Thank you for this great interviewer, readers who wish to learn more should visit RapidMiner.

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Owkin Launches the Collaborative COVID-19 Open AI Consortium (COAI)

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Owkin Launches the Collaborative COVID-19 Open AI Consortium (COAI)

After a fresh round of funding, Owkin recently launched the Covid-19 Open AI Consortium (COAI). This consortium will enable advanced collaborative research and accelerate clinical development of effective treatments for patients who are infected with COVID-19.

The first stage of the project is on fully understanding and treating cardiovascular complications in COVID-19 patients, this will be performed in collaboration with CAPACITY, an international registry working with over 50 centers around the world. Other areas of research will include patient outcomes and triage, and the prediction and characterization of immune response.

Owkin’s manifesto perfectly states the company’s vision:

“We are fully engaged in this new frontier with the goal of improving drug development and patient outcomes. Founded in 2016, Owkin has quickly emerged as a leader in bringing Artificial Intelligence (AI) and Machine Learning (ML) technologies to the healthcare industry. Our solutions improve the traditional medical research paradigm by turning a previously siloed, disjointed system into an innovative and collaborative one that, above all, puts the privacy of patients first.”

Federated Learning

To understand the model that Owkin is engaging one must fully understand a new technology which is called Federated Learning. Federated learning offers a framework for AI development that enables enterprises to train machine learning models on data that is distributed at scale across multiple medical institutions without centralizing the data. The benefits of this are two-fold, there is no loss of privacy since the data is not directly linked to any specific patient, and the data is maintained at the healthcare institution that collects this data.

The use of Federated Learning thereby enables a significantly wider range of data than what any single organization possesses in-house. What this means is that by used Federated Learning researchers have access to as much data as available, and the more big data a machine learning system possesses, the more accurate the AI becomes.

There are currently multiple national efforts in using AI to tackle COVID-19. The problem with many of these nationalistic disjointed efforts is that the data is specific to one country. Collecting data from a single region may fail to reveal important information that would enable researchers to fully understand how exposure to environmental elements, ethnic makeup, genetics, age, and gender may play important roles in understanding this disease. This is why collaboration is so important, and why gathering data from multiple jurisdictions is even more important.

As described by Owkin, they seek to used Federated Learning for the following:

“We aim to help them understand why drug efficacy varies from patient to patient, enhance the drug development process and identify the best drug for the right patient at the right time, to improve treatment outcomes.”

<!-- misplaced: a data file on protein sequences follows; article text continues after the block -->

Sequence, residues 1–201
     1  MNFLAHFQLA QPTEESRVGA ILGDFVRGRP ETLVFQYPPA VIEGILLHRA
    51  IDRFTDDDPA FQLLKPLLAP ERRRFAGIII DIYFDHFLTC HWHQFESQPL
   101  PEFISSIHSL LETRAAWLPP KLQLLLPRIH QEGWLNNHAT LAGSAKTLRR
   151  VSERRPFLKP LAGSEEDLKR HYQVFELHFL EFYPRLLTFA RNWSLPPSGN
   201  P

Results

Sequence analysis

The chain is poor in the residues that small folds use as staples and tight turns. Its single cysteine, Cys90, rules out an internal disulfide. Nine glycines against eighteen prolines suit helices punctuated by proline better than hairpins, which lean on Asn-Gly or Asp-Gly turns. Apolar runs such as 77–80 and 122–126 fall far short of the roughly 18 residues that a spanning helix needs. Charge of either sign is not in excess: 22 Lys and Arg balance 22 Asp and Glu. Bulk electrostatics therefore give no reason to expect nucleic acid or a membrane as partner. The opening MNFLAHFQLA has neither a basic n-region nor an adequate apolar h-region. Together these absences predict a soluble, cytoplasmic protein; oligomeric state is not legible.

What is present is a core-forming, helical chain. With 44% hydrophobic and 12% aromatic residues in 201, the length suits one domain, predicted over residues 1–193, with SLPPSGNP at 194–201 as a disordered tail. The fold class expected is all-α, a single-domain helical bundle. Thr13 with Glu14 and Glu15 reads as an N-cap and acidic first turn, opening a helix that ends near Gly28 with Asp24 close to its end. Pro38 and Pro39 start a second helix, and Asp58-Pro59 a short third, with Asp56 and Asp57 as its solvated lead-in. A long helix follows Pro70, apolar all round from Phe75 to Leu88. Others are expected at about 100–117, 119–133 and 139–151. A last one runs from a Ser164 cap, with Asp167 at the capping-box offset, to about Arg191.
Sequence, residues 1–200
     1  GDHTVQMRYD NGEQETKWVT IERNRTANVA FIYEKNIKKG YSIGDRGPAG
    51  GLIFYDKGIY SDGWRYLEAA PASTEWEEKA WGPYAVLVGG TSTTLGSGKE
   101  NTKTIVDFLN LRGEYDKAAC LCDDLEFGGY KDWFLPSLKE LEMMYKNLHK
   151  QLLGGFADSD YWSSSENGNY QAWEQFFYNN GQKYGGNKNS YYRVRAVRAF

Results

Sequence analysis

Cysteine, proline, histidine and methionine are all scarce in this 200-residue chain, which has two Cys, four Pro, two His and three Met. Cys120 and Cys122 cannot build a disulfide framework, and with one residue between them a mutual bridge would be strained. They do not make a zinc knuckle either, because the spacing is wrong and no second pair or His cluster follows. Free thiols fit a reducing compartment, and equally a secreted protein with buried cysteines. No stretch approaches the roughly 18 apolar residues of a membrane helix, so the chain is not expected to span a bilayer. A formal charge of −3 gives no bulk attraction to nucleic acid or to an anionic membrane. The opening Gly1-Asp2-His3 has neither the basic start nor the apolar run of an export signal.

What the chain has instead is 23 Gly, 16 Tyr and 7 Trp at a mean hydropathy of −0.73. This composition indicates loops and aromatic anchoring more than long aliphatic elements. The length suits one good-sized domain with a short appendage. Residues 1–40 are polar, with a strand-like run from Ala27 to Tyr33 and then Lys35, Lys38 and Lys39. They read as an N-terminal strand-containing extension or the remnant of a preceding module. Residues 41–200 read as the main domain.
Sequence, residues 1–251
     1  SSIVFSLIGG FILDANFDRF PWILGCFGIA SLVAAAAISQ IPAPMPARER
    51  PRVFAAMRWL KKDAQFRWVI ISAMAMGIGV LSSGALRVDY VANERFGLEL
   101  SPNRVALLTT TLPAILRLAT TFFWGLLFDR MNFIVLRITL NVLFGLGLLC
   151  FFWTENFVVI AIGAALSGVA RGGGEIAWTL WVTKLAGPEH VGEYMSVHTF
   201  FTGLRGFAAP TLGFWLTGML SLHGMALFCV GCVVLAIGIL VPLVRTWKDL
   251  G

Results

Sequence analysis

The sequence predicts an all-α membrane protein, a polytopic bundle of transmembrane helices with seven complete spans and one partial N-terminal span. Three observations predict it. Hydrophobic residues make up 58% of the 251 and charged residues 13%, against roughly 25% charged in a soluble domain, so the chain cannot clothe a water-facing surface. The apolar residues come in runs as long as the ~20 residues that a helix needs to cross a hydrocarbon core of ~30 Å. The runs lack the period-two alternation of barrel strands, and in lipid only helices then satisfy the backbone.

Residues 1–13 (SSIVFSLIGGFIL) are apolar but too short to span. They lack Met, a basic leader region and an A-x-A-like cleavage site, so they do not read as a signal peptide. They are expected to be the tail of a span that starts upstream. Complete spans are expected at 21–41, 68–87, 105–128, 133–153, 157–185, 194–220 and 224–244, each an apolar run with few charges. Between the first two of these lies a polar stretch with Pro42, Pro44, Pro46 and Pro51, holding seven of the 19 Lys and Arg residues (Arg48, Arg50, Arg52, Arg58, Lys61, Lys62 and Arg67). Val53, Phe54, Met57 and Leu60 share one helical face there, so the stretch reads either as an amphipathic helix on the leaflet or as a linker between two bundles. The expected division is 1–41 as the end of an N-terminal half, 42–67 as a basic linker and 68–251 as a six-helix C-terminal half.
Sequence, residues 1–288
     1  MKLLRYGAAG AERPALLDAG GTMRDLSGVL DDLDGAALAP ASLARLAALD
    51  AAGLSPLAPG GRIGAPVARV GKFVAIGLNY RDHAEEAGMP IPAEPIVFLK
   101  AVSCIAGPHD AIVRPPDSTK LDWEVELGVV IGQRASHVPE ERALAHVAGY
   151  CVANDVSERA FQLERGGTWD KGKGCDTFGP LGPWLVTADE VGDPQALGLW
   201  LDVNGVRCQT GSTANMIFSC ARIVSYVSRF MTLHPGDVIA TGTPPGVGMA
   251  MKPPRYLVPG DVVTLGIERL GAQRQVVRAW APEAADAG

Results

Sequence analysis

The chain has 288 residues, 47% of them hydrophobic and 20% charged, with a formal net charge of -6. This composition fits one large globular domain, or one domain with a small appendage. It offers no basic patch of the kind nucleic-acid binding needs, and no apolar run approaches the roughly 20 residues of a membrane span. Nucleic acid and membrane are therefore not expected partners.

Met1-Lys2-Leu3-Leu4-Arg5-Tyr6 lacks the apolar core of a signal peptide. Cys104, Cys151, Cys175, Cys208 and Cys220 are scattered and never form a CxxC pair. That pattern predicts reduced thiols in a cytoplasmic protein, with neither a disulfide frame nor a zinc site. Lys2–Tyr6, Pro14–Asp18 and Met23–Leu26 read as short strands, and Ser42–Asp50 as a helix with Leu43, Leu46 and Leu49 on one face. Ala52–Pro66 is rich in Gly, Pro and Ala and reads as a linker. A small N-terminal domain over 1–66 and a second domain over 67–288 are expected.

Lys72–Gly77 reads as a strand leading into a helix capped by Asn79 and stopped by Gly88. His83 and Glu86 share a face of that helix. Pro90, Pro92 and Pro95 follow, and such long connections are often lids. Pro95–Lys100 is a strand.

Understanding and treading cardiovascular health issues will be the first challenge undertaken by Owkin. As important as data is, what is even more important are the efforts of researchers and contributors who are spearheading this effort. This is why Unite.AI will be releasing three interviews with researchers that are contributing to the COAI project.

The Interviews

Sanjay Budhdeo, MD, Business Development:

Sanjay is a practicing physician. He holds Medical Sciences and Medical degrees from Oxford University and a Masters Degree from Cambridge University. Sanjay has research experience in neuroimaging, epidemiology and digital health. Prior to joining Owkin as a Partnership Manager, he was a Senior Associate at Boston Consulting Group, where he focused on data and digital in healthcare. He sits on the Patient Safety Committee at the Royal Society of Medicine and was previously a Specialist Advisor at the Care Quality Commission.

Click Here to read the interview with Sanjay.

Dr. Stephen Weng, Principal Researcher:

Stephen is an Assistant Professor of Integrated Epidemiology and Data Science who leads the data science research within the Primary Care Stratified Medicine Research Group.

He integrate traditional epidemiological methods and study design with new informatics-based approaches, harnessing and interrogating “big health care data” from electronic medical records for the purpose of risk prediction modeling, phenotyping chronic diseases, data science methods research, and translation of stratified medicine into primary care.

Click Here to read the interview with Stephen

Folkert W. Asselbergs, Principal Investigator

Folkert is professor of precision medicine in cardiovascular disease at Institute of Cardiovascular Science, UCL, Director NIHR BRC Clinical Research Informatics Unit at UCLH, professor of cardiovascular genetics and consultant cardiologist at the department of Cardiology, University Medical Center Utrecht, and chief scientific officer of the Durrer Center for Cardiovascular Research, Netherlands Heart Institute. Prof Asselbergs published more than 275 scientific papers and obtained funding from leDucq foundation, British and Dutch Heart Foundation, EU (FP7, ERA-CVD, IMI, BBMRI), and RO1 National Institutes of Health.

Click Here to read the interview with Folkert

Our Hope

The hope of Unite.AI is that by using biomedical images, genomics, and clinical data to discover biomarkers and mechanisms associated with diseases and treatment outcomes this will propel the next generation of treatment to tackle COVID-19. We are contributing to this important project by highlighting the personalities behind this important global effort.